• pointing out a stain on their clothing
  • disagreeing on which sports team should win a championship or speaking up at all when you have an alternate opinion on anything
  • pointing out an error in their work or providing constructive criticism
  • pointing out an inconsistency in their story
  • asking them not to do something in a firm but fair manner (e.g., “I don’t like being tickled. Please don’t do it.”)
  • crying or being upset about a lie that they told you

These scenarios and others feel like attacks or rejections. 

Narcissists need the people around them to reflect back to them their own view of their “idealized” self.  Because, merely by you being yourself and living your life, you will inevitably do or say something that fails to make them feel perfect because it ignites shame or worthlessness,  you will fall from the pedestal as they project it onto you.

If the narcissist explodes in rage and then attacks you over any of these things, will you walk away or will you think it’s a one-off? These incidents may start to occur slowly. They’re grooming you for their abuse.

The entire time that you were being real, truthful and genuine, their love for you has been conditional– based only on whether you do what they want you to do.

The person presented to us by narcissists during the love-bombing stage isn’t real.  It is a deception, a mask, worn for us in order to get us to open our souls and hand over our lives.  By telling us what we want to hear and weaving a false reality, they can then escape their own emptiness and use our genuine hearts to feel special and alive.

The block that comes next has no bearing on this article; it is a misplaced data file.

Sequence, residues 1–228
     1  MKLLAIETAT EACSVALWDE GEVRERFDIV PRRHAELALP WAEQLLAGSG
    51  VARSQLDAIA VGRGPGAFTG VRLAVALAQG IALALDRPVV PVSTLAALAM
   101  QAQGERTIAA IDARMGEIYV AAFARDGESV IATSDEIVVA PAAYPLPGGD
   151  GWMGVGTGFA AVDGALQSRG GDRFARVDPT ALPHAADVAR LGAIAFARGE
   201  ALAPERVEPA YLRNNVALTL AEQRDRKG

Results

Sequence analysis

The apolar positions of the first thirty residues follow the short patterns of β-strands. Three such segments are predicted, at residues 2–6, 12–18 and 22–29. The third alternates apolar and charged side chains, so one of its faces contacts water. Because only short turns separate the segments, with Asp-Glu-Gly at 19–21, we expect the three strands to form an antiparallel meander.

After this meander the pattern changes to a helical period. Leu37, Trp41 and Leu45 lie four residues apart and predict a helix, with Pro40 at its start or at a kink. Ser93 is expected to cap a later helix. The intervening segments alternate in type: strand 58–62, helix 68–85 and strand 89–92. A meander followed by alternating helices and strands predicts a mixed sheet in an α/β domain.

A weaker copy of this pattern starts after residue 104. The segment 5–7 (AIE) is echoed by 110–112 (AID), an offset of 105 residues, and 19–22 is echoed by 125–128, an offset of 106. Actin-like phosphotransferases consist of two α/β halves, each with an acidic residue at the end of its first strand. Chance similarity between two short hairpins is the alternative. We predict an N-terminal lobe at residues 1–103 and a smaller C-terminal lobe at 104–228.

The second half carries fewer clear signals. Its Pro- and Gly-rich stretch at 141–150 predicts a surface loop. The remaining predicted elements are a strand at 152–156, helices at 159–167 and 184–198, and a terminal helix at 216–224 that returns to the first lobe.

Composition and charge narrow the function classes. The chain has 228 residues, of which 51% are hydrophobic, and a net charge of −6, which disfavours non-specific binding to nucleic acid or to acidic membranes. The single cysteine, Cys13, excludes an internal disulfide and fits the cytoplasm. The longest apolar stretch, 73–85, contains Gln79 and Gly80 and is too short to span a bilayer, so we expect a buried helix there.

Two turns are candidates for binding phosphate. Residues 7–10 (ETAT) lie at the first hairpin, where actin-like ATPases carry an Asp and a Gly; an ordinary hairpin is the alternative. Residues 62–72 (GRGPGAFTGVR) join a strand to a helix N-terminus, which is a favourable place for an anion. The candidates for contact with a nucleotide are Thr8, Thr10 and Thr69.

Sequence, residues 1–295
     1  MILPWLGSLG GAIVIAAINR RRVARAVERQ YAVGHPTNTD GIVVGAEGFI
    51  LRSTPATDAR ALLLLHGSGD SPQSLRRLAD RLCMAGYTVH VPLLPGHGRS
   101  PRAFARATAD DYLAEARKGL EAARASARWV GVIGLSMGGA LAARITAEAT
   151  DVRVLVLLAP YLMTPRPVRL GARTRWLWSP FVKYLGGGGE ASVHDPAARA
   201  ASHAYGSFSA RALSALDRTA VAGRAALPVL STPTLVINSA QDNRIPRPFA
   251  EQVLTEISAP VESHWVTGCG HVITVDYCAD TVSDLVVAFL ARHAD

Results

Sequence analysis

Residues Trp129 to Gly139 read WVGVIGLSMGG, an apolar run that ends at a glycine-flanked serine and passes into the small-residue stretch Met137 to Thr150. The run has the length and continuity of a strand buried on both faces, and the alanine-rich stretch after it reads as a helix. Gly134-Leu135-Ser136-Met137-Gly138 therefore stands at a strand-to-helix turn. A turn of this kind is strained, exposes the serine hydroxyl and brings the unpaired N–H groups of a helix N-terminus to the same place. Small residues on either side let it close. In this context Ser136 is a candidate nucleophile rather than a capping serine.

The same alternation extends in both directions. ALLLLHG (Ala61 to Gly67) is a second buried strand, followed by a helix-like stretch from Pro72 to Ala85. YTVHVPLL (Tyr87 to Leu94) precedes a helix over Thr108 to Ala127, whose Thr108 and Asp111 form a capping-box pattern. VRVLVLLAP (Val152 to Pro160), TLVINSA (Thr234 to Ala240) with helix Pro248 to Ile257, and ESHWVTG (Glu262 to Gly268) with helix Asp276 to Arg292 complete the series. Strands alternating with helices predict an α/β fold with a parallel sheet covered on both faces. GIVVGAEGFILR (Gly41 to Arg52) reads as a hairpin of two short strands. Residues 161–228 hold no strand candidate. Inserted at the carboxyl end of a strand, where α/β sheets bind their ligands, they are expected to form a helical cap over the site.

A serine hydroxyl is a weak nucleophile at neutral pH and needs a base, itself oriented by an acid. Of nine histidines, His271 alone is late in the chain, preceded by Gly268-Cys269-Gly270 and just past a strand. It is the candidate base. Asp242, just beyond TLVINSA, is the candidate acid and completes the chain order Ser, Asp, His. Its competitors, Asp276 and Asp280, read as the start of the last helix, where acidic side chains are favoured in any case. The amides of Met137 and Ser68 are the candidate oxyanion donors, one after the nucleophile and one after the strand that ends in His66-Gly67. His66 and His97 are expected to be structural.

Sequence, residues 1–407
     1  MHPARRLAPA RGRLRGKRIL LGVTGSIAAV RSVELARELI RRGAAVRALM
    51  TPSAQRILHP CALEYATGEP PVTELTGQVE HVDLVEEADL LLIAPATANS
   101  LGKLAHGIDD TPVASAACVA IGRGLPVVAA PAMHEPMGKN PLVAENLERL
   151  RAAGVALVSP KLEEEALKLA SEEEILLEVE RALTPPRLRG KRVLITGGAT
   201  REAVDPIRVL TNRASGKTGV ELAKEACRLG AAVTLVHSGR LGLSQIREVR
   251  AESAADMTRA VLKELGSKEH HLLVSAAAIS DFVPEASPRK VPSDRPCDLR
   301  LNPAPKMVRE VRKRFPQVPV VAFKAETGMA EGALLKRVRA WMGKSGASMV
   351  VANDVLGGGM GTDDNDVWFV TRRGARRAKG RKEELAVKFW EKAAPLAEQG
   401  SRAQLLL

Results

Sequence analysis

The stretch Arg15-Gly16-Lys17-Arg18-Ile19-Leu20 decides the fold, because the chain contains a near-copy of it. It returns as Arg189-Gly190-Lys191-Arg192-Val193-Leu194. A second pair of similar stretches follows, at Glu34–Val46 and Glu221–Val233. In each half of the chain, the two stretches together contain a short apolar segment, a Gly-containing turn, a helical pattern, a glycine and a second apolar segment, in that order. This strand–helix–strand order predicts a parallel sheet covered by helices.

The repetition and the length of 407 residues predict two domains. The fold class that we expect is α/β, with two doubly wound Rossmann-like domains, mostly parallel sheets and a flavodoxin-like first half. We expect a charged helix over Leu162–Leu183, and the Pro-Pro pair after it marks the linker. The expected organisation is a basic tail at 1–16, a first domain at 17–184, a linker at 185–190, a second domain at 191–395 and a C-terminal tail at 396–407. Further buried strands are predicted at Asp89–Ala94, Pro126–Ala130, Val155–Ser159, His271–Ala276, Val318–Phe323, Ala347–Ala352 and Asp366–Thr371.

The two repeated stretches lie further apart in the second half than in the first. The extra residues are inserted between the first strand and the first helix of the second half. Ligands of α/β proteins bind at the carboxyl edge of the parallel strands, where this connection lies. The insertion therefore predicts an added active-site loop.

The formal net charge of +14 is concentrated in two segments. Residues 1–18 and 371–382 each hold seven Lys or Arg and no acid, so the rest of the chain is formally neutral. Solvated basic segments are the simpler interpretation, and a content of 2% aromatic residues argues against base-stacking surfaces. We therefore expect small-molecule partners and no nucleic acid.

Love-bombing is dangerous because it is used to steal our best selves and try to drain us of who we are.

2. The Emotions Generated in Us By the Love-Bombing are Weaponized Against Us.

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It would be bad enough if love-bombing was only dangerous and negative because it was false advertising that lured unsuspecting people into relationships.

Love-bombing is also dangerous because the narcissist uses what they learn about their partners to control them once they are in the relationships to keep them there.

Partners are groomed during the love-bombing phase to endure what is to come in several ways.

1. Partners get cognitive dissonance and are unsure of how their partner can go from treating them like the love of their life to treating them like they don’t matter.  The first impression usually becomes the core belief and is the most resistant to change.